Warning: This is going to read like a sponsored post. I’m just a “fan” of eco-solutions, and a whole house fan is one of those things that’s a win-win all around (see, it’s starting already).
Only about a third of Seattle households have air conditioning. Before the days of climate change, it really wasn’t necessary. After a couple 90 degree days in June, it’s tempting to give in and get central air conditioning installed, especially since the hottest months (and years) are yet to come.
Unfortunately, central air is very expensive to install and operate, plus all that electricity use isn’t doing any favors for climate change going forward. There is a more affordable and environmentally conscientious solution than central air, and that’s the whole house fan.
Whole house fans hang from the rafters in your attic and are turned on with a timed switch. They silently draw large amounts of air in through open windows, then push the hottest air in your home into the attic and out of your house.
The fans are very powerful, so much so that if you don’t open a window before turning one on your ears will pop as the house depressurizes. Portable fans tend to noisily push hot air around, while a whole house fan silently makes your entire house feel like being in the shade outside with a fresh breeze blowing.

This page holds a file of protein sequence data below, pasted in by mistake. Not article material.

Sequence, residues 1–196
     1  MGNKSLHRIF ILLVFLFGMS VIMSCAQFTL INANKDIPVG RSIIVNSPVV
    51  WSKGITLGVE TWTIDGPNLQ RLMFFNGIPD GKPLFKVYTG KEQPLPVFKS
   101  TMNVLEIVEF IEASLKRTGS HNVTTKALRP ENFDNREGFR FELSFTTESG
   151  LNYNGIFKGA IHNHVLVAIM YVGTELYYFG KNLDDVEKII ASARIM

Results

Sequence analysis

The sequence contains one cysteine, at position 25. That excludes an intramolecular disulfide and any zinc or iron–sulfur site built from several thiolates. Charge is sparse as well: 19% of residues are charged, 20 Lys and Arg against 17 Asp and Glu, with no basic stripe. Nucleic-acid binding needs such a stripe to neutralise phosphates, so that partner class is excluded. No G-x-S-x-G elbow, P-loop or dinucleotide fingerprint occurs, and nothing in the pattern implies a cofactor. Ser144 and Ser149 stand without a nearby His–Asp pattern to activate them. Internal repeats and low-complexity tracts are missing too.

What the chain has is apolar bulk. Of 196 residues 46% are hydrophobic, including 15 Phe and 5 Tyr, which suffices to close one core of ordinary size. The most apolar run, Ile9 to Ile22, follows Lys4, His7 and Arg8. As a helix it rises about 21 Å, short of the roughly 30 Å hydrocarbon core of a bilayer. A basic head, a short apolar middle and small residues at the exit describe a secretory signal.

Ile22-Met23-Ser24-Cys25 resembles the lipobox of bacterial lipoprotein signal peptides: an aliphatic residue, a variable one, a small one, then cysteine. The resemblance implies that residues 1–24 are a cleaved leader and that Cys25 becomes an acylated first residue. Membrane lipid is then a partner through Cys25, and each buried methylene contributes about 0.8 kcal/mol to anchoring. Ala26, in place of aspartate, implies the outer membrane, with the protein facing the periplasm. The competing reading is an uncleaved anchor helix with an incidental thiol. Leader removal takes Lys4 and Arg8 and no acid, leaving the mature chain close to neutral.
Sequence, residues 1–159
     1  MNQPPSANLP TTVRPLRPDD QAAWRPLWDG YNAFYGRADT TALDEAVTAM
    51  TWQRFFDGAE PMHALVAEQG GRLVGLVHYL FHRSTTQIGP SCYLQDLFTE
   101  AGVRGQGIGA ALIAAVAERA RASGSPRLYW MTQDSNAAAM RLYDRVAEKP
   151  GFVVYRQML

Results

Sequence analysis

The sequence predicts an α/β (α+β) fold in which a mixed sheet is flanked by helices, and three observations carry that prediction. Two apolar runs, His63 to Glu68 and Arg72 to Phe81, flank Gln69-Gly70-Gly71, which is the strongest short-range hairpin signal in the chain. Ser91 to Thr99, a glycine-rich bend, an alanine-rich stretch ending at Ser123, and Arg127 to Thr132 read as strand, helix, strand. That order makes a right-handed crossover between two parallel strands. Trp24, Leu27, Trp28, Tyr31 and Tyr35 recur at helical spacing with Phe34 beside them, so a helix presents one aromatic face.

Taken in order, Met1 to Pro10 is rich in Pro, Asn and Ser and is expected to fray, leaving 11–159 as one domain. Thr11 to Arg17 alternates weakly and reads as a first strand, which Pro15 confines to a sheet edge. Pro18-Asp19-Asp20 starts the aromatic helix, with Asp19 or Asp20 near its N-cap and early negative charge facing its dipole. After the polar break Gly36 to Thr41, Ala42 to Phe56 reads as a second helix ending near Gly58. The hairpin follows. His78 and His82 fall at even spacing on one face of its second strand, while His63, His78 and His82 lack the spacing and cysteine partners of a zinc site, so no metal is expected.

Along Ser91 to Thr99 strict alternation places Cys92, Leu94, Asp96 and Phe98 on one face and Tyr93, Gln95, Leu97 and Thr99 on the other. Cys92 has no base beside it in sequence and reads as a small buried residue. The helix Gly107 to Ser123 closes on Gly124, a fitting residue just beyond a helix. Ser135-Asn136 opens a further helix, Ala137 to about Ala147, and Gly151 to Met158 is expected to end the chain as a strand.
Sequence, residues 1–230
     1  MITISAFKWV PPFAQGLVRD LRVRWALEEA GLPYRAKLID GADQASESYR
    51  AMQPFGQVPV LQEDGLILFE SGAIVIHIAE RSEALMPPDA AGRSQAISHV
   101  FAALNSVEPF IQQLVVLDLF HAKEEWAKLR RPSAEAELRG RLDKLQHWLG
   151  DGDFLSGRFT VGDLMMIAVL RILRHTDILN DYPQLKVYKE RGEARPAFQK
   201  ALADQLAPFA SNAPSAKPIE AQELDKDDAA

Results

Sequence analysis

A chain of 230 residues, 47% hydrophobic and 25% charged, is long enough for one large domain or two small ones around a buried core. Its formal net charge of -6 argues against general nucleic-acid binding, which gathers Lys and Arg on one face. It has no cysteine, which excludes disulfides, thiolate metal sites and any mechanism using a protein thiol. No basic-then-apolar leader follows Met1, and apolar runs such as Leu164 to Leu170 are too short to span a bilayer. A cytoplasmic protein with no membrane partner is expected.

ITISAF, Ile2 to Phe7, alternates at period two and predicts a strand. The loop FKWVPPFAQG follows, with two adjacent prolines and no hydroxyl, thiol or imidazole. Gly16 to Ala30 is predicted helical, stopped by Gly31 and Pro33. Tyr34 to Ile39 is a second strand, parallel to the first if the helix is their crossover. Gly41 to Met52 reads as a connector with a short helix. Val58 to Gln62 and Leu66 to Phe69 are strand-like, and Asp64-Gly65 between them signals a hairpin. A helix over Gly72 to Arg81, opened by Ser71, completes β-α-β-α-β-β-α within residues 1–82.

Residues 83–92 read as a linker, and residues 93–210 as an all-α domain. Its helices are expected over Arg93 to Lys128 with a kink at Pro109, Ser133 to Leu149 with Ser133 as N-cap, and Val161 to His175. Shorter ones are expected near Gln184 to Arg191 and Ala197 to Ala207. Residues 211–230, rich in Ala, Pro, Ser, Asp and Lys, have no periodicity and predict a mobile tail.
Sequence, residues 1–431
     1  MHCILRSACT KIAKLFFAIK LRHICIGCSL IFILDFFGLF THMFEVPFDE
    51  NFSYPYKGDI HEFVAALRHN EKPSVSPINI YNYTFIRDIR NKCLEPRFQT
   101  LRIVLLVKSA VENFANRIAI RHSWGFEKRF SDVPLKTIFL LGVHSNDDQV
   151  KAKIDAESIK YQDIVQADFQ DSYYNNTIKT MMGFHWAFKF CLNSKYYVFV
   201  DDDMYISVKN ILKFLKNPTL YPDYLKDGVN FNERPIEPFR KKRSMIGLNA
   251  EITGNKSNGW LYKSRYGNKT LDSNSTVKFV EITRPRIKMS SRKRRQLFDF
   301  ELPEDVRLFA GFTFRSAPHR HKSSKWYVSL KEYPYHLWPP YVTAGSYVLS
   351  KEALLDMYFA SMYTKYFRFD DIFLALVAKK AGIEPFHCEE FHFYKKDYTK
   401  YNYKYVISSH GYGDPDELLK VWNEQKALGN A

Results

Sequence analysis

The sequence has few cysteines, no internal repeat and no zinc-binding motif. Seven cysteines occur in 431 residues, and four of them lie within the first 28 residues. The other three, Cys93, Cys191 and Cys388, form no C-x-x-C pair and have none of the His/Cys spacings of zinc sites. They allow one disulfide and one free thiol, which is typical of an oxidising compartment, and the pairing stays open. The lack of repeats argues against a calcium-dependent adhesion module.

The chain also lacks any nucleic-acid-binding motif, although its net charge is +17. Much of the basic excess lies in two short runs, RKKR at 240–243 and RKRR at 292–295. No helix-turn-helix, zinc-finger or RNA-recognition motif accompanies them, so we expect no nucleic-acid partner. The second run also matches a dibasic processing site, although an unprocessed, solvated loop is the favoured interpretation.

The fans are required by code in much of California and are very well suited to Seattle. Seattle cools off at night thanks to the ocean, and that’s when the fan is most useful. They’re great any time after about 4 or 5 PM, when the outside temperature drops below the inside temperature.
The fans cost anywhere between $300 and $1500, depending on home size and model. You can snag one at Home Depot or Lowes, but for many you have to preorder and pick up in store. To install you’ll need access to your attic and to either pay a handyman or make it a DIY project. The main install requirements are being able to cut a hole in your ceiling and hard wire electricity (a dedicated circuit isn’t needed).
With the fan in place the only time you’ll miss AC is in the afternoon, so you might still need a portable AC unit to create a refuge for those times. Even if you have central air, the fans make sense for cutting down on electricity use and providing ventilation when doing things like painting. If you have attic access and no central air, just get one, you’ll love it! (insert sponsoring affiliate link here)